Yes, You Really Can Still Ask For ZIP Codes. Just Do It Properly

Attorney Mark D. Rasch is the former head of the U.S. Justice Department's computer crime unit and today serves as Cybersecurity Director for CSC in Virginia.

When the California Supreme Court last month punished Williams-Sonoma for asking customers to reveal their ZIP codes, it sent many retail execs into a panic. Many assumed that they'd have to halt all requests for ZIP codes to avoid the cookware chain's fate. Fear not. The law says you're fine to ask consumers to zip away their codes, as long as you abide by some common-sense rules.

What that Supreme Court decision actually did was enforce a very specific part of the Song-Beverly Credit Card Act of 1971. That law says, in relevant part: "No corporation that accepts credit cards for the transaction of business shall request or require as a condition to accepting the credit card as payment in full or in part for goods or services, the cardholder to provide personal identification information, which the person, firm, partnership, association, or corporation accepting the credit card writes, causes to be written, or otherwise records upon the credit card transaction form or otherwise."

The clear language of the statute (with some noted exceptions) makes it a violation to collect any information about the cardholder as a condition of accepting a credit card. Where Williams-Sonoma got hurt was when the chain not only asked for the consumer's ZIP code but then used the credit card number, name and ZIP code "to perform reverse searches from databases that contain millions of names, E-mail addresses, telephone numbers, and street addresses, and that are indexed in a manner resembling a reverse telephone book. The software matched plaintiff's name and ZIP code with plaintiff's previously undisclosed address, giving defendant the information, which it now maintains in its own database. [Williams-Sonoma] uses its database to market products to customers and may also sell the information it has compiled to other businesses."

These facts are significant, because the court found that Williams-Sonoma had no business interest in collecting the plaintiff’s ZIP code other than to gather personal information with the intent to identify and market to her. Also, there was no indication that the ZIP code was required by Williams-Sonoma to complete the purchase, ship anything to her or deliver anything to the plaintiff.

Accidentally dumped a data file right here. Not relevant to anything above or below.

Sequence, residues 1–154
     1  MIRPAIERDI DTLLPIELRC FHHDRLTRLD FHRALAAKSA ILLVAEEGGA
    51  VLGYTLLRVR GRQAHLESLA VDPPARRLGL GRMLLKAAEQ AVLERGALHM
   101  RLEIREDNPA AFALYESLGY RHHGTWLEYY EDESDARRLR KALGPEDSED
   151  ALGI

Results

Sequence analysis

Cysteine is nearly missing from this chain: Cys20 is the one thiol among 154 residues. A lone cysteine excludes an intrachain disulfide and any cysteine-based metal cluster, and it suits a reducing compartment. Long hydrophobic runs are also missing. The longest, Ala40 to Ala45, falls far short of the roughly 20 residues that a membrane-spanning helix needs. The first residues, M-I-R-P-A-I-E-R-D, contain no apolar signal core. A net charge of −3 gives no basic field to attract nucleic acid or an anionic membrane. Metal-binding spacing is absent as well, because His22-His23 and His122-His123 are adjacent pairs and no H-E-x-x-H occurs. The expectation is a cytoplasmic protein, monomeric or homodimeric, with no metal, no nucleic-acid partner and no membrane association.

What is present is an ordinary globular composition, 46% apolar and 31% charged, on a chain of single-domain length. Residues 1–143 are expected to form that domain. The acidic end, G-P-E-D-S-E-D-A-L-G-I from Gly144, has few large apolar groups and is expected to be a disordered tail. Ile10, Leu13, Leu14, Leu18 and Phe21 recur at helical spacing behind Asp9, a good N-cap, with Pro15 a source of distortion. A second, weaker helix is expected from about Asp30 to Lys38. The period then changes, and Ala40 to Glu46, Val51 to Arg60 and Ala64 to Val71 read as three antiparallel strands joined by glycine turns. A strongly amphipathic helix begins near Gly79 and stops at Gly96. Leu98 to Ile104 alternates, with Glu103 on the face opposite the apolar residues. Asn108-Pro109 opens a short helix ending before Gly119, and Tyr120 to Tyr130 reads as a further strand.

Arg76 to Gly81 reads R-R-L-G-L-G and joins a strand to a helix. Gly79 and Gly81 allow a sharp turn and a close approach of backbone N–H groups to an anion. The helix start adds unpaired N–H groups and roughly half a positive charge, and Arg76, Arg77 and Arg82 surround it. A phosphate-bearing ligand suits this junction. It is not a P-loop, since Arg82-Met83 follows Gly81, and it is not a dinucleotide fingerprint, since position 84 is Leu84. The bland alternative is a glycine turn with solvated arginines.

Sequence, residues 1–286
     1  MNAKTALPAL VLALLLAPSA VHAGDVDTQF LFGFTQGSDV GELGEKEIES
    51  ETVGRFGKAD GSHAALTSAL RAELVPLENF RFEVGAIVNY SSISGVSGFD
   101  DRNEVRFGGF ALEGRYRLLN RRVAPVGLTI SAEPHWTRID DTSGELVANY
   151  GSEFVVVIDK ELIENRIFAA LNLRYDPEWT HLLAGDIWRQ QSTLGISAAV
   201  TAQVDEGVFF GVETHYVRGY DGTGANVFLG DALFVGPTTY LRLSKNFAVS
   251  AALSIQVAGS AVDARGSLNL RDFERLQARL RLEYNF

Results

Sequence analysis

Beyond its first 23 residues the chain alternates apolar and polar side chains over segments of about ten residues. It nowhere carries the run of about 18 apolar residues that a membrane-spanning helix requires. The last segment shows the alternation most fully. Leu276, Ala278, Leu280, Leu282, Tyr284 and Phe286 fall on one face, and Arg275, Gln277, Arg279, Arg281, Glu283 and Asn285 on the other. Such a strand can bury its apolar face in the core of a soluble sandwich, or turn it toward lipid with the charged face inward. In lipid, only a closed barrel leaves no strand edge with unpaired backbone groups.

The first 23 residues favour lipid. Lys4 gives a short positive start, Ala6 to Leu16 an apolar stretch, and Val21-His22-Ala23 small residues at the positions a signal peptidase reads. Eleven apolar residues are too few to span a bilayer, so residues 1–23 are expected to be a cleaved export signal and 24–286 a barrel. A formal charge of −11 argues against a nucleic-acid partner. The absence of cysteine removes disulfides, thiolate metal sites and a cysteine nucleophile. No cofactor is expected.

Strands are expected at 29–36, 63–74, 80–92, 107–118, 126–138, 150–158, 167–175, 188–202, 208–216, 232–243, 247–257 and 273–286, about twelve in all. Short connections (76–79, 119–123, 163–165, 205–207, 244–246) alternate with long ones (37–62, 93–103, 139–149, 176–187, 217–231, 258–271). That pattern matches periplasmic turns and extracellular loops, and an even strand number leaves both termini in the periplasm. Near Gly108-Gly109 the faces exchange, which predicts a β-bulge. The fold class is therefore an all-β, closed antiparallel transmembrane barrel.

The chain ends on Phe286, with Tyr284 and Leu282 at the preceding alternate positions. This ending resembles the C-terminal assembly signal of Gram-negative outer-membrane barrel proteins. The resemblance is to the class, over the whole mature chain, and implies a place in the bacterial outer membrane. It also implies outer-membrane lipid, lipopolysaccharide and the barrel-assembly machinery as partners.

In other words, the problem was not with the chain asking for the ZIP code. Williams-Sonoma was punished because it did not have any legitimate business need for that ZIP code—unlike, say, gas stations using it to authenticate payment card identity. Worse, the chain used the ZIP code to gather truly personal information and to then market—potentially intrusively—to that consumer. When it used the ZIP code to obtain personal information, it made the ZIP code itself personal information. That's when the big gavel came down against the chain.

The court noted that "the legislative history demonstrates the legislature intended to provide robust consumer protections by prohibiting retailers from soliciting and recording information about the cardholder that is unnecessary to the credit card transaction."ZIP code collection is fine, as long as you have a reason and use those ZIP codes only for that reason. A key part of the rationale behind the California statute was not so much to protect the collection or disclosure of such information but to prevent that information from being used for marketing. In a case involving AutoZone, for example, the California appellate court determined that the statutory prohibition on requiring personal identification information as a condition of "any credit card transaction" did not apply to a return that was made in exchange for a reversal of the original credit card purchase transaction, because the goal of collecting that data was not to market to the consumer but to ensure the reliability of the return.

In the Pineda case, the employees of Williams-Sonoma had no reason to collect the ZIP codes of customers other than for marketing purposes and, therefore, such collection was improper if, as the court found, such information was "personal information" under the statute. The Pineda court noted, "a cardholder's ZIP code is similar to his or her address or telephone number, in that a ZIP code is both unnecessary to the transaction and can be used, together with the cardholder's name, to locate his or her full address."

As a retailer, you have to ask yourself, "What information am I collecting and why?" If you are collecting information to complete the transaction, because of a contractual obligation, because of a legal requirement, to ship or process the goods or services or even for fraud prevention purposes, you may be OK under California law. If you collect the information and then delete (or don't store) it, such as if you were merely validating the transaction, then you are also OK.